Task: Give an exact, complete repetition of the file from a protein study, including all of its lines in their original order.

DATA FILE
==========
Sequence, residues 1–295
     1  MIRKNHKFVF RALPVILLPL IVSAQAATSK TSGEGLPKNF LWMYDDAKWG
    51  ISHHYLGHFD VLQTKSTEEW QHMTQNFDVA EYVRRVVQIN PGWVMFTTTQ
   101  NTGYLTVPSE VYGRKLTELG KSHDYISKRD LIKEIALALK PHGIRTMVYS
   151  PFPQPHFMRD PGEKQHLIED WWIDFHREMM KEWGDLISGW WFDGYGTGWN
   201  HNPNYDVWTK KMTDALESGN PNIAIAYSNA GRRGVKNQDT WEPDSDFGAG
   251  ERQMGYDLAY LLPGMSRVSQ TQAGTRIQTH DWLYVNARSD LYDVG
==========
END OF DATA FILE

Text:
Sequence, residues 1–295
     1  MIRKNHKFVF RALPVILLPL IVSAQAATSK TSGEGLPKNF LWMYDDAKWG
    51  ISHHYLGHFD VLQTKSTEEW QHMTQNFDVA EYVRRVVQIN PGWVMFTTTQ
   101  NTGYLTVPSE VYGRKLTELG KSHDYISKRD LIKEIALALK PHGIRTMVYS
   151  PFPQPHFMRD PGEKQHLIED WWIDFHREMM KEWGDLISGW WFDGYGTGWN
   201  HNPNYDVWTK KMTDALESGN PNIAIAYSNA GRRGVKNQDT WEPDSDFGAG
   251  ERQMGYDLAY LLPGMSRVSQ TQAGTRIQTH DWLYVNARSD LYDVG